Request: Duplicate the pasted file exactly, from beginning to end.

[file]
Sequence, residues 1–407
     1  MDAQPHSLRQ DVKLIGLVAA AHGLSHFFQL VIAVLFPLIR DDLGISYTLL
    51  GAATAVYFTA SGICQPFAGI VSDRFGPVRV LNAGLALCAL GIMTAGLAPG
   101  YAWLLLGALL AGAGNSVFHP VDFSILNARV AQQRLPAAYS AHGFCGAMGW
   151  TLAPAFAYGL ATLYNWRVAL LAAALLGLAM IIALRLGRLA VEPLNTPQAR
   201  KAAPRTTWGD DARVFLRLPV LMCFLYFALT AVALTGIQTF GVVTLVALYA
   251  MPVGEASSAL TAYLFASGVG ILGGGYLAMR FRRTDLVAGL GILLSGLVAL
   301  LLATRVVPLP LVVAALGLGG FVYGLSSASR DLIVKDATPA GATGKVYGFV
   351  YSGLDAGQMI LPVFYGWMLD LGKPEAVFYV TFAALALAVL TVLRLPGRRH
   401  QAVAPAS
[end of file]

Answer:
Sequence, residues 1–407
     1  MDAQPHSLRQ DVKLIGLVAA AHGLSHFFQL VIAVLFPLIR DDLGISYTLL
    51  GAATAVYFTA SGICQPFAGI VSDRFGPVRV LNAGLALCAL GIMTAGLAPG
   101  YAWLLLGALL AGAGNSVFHP VDFSILNARV AQQRLPAAYS AHGFCGAMGW
   151  TLAPAFAYGL ATLYNWRVAL LAAALLGLAM IIALRLGRLA VEPLNTPQAR
   201  KAAPRTTWGD DARVFLRLPV LMCFLYFALT AVALTGIQTF GVVTLVALYA
   251  MPVGEASSAL TAYLFASGVG ILGGGYLAMR FRRTDLVAGL GILLSGLVAL
   301  LLATRVVPLP LVVAALGLGG FVYGLSSASR DLIVKDATPA GATGKVYGFV
   351  YSGLDAGQMI LPVFYGWMLD LGKPEAVFYV TFAALALAVL TVLRLPGRRH
   401  QAVAPAS